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Obesity Hypoventilation Syndrome

Obesity hypoventilation syndrome (OHS) is a condition where poor breathing leads to lower oxygen and higher carbon dioxide levels in the blood. Being obese is a major risk factor.

OHS is believed to result from misfiring of the brain’s signal to breathe combined with excessive weight against the chest wall. The combination of problems makes it difficult to take a deep breath, leaving the blood with too much carbon dioxide and not enough oxygen. People with OHS are often tired due to sleep loss, poor sleep quality, and chronic low blood oxygen levels.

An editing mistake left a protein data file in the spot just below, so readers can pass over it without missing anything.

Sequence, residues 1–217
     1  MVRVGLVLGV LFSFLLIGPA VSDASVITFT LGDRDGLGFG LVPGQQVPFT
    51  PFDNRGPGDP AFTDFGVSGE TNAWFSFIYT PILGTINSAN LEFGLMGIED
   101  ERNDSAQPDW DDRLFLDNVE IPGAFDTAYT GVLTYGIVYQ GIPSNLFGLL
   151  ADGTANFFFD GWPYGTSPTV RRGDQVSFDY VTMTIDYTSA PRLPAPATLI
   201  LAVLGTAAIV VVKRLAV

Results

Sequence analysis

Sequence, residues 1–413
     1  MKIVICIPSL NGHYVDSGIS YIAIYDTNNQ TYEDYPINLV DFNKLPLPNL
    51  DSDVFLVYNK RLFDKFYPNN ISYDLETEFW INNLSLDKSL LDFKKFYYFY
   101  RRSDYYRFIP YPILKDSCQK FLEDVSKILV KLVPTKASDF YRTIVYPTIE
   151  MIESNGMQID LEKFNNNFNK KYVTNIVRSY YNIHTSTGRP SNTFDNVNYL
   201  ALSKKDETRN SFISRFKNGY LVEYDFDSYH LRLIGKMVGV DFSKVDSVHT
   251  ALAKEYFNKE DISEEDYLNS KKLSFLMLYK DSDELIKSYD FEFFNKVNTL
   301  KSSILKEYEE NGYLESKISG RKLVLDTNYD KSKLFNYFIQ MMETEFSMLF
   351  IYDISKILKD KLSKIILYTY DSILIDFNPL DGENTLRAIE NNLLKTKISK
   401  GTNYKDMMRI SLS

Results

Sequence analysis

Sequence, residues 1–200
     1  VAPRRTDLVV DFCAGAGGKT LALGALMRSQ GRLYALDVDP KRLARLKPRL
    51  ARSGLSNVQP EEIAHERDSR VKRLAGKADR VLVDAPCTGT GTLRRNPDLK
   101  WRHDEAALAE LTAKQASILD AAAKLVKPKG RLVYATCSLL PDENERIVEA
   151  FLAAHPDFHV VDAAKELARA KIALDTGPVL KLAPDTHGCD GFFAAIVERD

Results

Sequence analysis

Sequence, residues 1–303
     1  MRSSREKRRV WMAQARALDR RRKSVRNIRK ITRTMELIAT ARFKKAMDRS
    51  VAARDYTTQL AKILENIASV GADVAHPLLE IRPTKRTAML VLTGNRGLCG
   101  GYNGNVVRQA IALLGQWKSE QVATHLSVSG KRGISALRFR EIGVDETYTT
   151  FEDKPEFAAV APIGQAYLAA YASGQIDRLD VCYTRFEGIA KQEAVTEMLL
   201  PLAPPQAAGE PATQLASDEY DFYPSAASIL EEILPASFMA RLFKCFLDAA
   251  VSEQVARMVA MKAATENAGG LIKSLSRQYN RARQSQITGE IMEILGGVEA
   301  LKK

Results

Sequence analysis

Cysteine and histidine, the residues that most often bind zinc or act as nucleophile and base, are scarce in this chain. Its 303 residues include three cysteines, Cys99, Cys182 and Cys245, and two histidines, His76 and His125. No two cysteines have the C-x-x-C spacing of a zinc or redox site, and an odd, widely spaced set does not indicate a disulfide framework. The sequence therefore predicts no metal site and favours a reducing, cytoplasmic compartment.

Symptoms of OHS may include bluish color in the lips, fingers, toes, or skin; reddish colored skin; signs of heart failure like swollen legs or feet, shortness of breath, or fatigue after little exertion. Diagnosing OHS includes a physical exam for symptoms and some additional blood tests, lung function tests, imaging tests, and a sleep study.

Because obesity is a risk factor for so many dangerous conditions like heart disease and stroke, losing weight is an important part of treatment. Breathing assistance machines and medications may also help.

Previous Page Last Review Date: January 5, 2018